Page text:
The War We Never Fought: The British Establishment's Surrender to Drugs
Again and again British politicians, commentators and celebrities intone that 'The War on Drugs has failed'. They then say that this is an argument for abandoning all attempts to reduce drug use through the criminal law.
Peter Hitchens shows that in Britain there has been no serious 'war on drugs' since 1971, when a Tory government adopted a Labour plan to implement the revolutionary Wootton report. This gave cannabis, the most widely used illegal substance, a special legal status as a supposedly 'soft' drug (in fact, Hitchens argues, it is at least as dangerous as heroin and cocaine because of the threat it poses to mental health). It began a progressive reduction of penalties for possession, and effectively disarmed the police.
This process still continues, behind a screen of falsely 'tough' rhetoric from politicians. Far from there being a 'war on drugs', there has been a covert surrender to drugs, concealed behind an official obeisance to international treaty obligations. To all intents and purposes, cannabis is legal in Britain, and other major drugs are not far behind.
In The War We Never Fought, Hitchens uncovers the secret history of the government's true attitude, and the increasing recruitment of the police and courts to covert decriminalisation initiatives, and contrasts it with the rhetoric. Whatever and whoever is to blame for the undoubted mess of Britain's drug policy, it is not 'prohibition' or a 'war on drugs', for neither exists.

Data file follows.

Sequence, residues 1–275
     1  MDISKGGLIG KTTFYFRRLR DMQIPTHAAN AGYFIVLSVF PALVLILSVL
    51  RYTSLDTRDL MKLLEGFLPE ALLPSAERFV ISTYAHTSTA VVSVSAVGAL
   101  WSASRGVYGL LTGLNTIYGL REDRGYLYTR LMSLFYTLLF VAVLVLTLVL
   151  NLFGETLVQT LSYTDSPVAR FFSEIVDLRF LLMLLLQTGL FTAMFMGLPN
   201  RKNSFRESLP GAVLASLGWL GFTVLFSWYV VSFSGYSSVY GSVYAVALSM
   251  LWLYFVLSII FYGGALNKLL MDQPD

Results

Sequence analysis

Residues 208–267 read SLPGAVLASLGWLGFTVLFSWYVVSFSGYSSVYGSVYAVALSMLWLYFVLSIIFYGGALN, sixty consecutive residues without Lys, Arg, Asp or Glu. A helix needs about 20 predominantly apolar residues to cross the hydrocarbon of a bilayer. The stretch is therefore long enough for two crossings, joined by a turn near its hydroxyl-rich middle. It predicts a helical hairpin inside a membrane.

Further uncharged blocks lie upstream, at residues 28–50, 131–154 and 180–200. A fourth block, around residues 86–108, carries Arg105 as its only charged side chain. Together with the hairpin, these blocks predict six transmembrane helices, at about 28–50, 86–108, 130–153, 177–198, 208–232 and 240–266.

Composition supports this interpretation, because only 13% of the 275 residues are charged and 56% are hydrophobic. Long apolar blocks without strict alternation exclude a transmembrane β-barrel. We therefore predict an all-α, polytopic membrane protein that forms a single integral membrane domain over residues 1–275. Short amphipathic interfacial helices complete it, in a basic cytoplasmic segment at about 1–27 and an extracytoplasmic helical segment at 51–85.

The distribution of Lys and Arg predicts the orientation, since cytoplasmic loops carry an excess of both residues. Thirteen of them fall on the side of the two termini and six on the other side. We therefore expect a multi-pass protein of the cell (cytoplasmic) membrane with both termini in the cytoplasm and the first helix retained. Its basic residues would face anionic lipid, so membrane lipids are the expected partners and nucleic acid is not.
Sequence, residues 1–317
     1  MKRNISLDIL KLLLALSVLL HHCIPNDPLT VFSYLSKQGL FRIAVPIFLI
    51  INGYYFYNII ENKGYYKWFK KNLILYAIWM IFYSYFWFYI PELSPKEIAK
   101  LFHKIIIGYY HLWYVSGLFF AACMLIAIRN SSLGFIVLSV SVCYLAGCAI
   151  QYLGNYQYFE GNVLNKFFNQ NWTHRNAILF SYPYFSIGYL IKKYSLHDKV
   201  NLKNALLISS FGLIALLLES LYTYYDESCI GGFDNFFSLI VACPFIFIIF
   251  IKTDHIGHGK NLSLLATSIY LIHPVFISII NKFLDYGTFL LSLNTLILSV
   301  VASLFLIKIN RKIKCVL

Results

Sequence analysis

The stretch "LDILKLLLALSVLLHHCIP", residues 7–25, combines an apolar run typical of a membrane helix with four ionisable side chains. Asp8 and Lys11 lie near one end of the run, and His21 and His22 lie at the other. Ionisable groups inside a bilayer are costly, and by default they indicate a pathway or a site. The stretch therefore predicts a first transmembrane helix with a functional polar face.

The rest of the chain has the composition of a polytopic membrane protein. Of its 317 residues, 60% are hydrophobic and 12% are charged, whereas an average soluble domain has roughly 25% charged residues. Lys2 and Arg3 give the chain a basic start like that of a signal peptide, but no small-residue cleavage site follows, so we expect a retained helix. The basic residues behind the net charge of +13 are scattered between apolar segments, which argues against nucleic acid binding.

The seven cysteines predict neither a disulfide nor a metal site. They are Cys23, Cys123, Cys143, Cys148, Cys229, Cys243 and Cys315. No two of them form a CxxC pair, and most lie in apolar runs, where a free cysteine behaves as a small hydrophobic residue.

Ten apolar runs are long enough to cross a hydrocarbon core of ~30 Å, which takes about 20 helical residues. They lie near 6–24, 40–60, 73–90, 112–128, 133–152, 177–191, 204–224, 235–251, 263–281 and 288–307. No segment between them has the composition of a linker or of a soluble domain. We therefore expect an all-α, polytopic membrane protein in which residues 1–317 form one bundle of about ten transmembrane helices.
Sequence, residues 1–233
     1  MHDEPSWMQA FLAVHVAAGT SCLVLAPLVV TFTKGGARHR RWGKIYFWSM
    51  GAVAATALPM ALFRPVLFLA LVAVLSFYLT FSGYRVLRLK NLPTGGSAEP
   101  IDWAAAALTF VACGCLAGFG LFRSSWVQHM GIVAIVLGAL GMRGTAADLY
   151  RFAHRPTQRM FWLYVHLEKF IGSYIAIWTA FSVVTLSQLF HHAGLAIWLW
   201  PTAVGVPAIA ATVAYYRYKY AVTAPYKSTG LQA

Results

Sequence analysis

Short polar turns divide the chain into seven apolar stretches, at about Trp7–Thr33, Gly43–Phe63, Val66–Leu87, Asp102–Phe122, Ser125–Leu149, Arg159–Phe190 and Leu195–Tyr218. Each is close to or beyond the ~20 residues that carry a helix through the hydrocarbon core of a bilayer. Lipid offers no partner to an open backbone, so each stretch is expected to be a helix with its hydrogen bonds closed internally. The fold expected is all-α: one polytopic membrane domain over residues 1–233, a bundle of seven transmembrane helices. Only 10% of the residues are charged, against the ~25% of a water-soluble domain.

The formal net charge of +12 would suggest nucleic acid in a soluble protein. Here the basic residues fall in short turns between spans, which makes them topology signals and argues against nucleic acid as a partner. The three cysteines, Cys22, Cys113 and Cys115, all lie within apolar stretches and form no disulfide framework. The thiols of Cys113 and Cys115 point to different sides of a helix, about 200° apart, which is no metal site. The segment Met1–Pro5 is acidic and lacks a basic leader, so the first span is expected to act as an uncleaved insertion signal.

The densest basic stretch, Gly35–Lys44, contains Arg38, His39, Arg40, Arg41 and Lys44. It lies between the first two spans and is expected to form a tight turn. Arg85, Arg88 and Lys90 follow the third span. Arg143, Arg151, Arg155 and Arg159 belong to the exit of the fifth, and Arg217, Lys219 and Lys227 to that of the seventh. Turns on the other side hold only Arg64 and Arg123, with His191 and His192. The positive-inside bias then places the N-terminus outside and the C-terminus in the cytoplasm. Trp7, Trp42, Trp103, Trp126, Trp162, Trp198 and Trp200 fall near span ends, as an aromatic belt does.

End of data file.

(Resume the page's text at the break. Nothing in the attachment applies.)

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2 How to sink giggling into the sea
3 Psychiatry is not an exact science
4 The real purpose of classification a better image for cannabis
5 No use appealing to God Try John Stuart Mill?
6 Cannabis and violence
7 What about alcohol and tobacco then?
13 The mysterious spread of cannabis
14 Jaggerism is in vented
15 Bloomsbury takes over Britain via the airwaves
16 Steve Abrams steps upto explain
17 The long march Wootton and after
18 Widdecombe unfair
19 Dame Ruth Runciman and the liberal establishment
20 Legislation on the beat Brian Paddick
8 The Cabinet gets it wrong
9 Enter Richard Crossman
10 Jim Callaghans last stand
Part Two The Search for Soma
11 Aldous Huxley
12 The left casts off its puritan garments
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